Although the sight of friendly, helpful sales staff greeting customers in-store may be comforting for many shoppers, there are also those who would rather be left alone to do all their shopping. Add to that the rise of e-commerce—and the sense of autonomy it gives to buyers—and it’s no wonder why many customers are looking to replicate that experience offline, as well.
Thankfully, there are ways that even the most traditional brick-and-mortar shops can experiment with self-serve solutions to appeal to a wider range of customers—read on to discover the self-serve option best suited to your retailer.
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What does self-serve mean in retail?
In retail, self-serve is the practice of letting customers make a purchase at a store without the assistance of retail staff. This system is also sometimes referred to as “unattended retail,” as it often requires customers to scan barcodes and pay for their items on their own.
Although self-service checkouts or even entirely self-serve stores such as Amazon Go may seem like a relatively recent invention, they’re nothing new. The originator of self-serve retail, vending machines have been around since the late 1800s thanks to coin-operated postcard dispensers first introduced in London.
Why should retailers invest in self-service?
Health & safety
Although the technology for cashless payments (in the form of contactless credit cards or payments via mobile phones) has been around since the 1990s, these types of payment solutions became undeniably more pervasive in 2020 due to global health and safety concerns. As customers are likely to want to continue making touchless payments in the post-COVID era, offering self-service solutions is a good idea for retailers that want to ease the concerns of their customer base.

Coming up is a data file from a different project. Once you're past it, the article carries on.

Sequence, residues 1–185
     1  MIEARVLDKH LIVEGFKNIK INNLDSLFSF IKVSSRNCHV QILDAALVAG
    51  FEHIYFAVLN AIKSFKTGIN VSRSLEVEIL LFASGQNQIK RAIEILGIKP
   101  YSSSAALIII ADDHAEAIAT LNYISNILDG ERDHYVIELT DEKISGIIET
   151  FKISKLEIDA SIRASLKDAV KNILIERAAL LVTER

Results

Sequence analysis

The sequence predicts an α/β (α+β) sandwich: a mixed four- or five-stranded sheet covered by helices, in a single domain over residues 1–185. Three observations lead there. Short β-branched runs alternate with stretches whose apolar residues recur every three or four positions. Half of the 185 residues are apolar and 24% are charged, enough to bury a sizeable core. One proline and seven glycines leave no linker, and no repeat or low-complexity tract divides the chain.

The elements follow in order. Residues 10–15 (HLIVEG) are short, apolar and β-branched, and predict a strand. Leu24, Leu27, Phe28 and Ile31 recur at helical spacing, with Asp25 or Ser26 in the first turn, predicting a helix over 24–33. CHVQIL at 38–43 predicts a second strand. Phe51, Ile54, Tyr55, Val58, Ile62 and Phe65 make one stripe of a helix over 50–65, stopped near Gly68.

Time-pressed shoppers want to be in and out of stores quickly, and self-service options allow them to do just that. Cutting out long checkout queues and minimizing wait times for shoppers can go a long way in making your retailer a preferred option for customers who are always on the go.
Novel shopping experiences
Thanks to the rise of AI and machine-learning technologies, self-serve devices are able to offer more and more unique features each day, from VR simulations that enable shoppers to visualize big-ticket items like new furniture in their own homes to screens that let shoppers virtually put together an outfit using the store’s inventory. By providing customers with a novel shopping experience, these types of technologies can boost interest in your retailer and help your business grow through word-of-mouth advertising.
It’s no secret that data is king in the 21st century, and self-serve solutions are a great way to collect data on customer behavior, shopping habits, etc. After all, customers might be more inclined to share some of their personal data with your store if they can get personalized recommendations in return. Stores can then use this customer data to improve future marketing operations or even make decisions about inventory based on sales trends.
7 ideas to try self-serve for your retail business
1. Touchscreens for self-checkout
The most common type of retail self-service solution is touchscreens that enable customers to scan and pay for their purchases. These are often used in large supermarkets and sometimes even have a limit to the number of products shoppers can buy at one time, minimizing the potential for human error.